my children will learn to follow their dreams and passions in life and that money and material possessions aren’t everything,


not denying my artistic self will make me easier to live with,

a happier, more-fulfilled person,

and a better mother overall.


-Nicole Marie Schreiber


Scriva Advice: Don’t Pay the Toll Twice

by Ruth Tenzer Feldman
Published on: November 5, 2013
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toll-boothWe Scrivas have returned from our retreat, and I am here to report that we worked QUIETLY for hours and hours and hours and hours. On Saturday night, we took a break and focused on the 13 questions that Addie posted here about what worked in 2013, and what didn’t, and goals for 2014. Each of us tackled the questions separately. When we compared our answers, we were amazed to discover that we all had variations on these main themes for 2014:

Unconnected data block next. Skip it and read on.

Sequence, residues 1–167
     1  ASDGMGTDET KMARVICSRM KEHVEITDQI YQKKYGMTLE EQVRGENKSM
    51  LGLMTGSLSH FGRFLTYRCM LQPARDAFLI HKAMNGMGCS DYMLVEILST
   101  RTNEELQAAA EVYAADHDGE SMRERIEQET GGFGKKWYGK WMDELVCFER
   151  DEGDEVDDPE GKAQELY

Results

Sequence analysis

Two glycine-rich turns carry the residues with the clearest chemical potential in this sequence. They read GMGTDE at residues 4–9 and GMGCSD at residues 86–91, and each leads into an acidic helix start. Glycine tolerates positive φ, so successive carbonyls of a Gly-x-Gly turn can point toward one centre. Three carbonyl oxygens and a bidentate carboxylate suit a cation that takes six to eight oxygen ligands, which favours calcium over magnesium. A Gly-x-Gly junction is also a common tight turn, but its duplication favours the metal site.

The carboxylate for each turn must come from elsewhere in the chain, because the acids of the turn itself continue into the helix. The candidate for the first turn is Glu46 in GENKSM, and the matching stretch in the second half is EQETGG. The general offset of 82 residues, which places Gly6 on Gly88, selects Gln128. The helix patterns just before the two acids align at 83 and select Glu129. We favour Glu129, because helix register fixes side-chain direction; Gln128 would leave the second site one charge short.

1. Lower expectations.
  2. Have more fun.
  3. Don’t stress.
  4. Worry is not preparation.

Advice: Don’t pay the toll twice. Deal with rotten events when, and if, they happen (that’s paying your psychological and physical toll once). Stressing over what might happen before it happens results in your paying the toll twice. Who knows? Maybe the event won’t be rotten after all. Try imagining a silver lining to that cloud, and you just might find one. In an effort to avoid setting yourself up for disappointment, don’t miss out on enjoying pleasant (though possibly improbable) expectations.

We writers have imaginations. Let’s not forget the power of building our own real worlds as well as the ones in our books.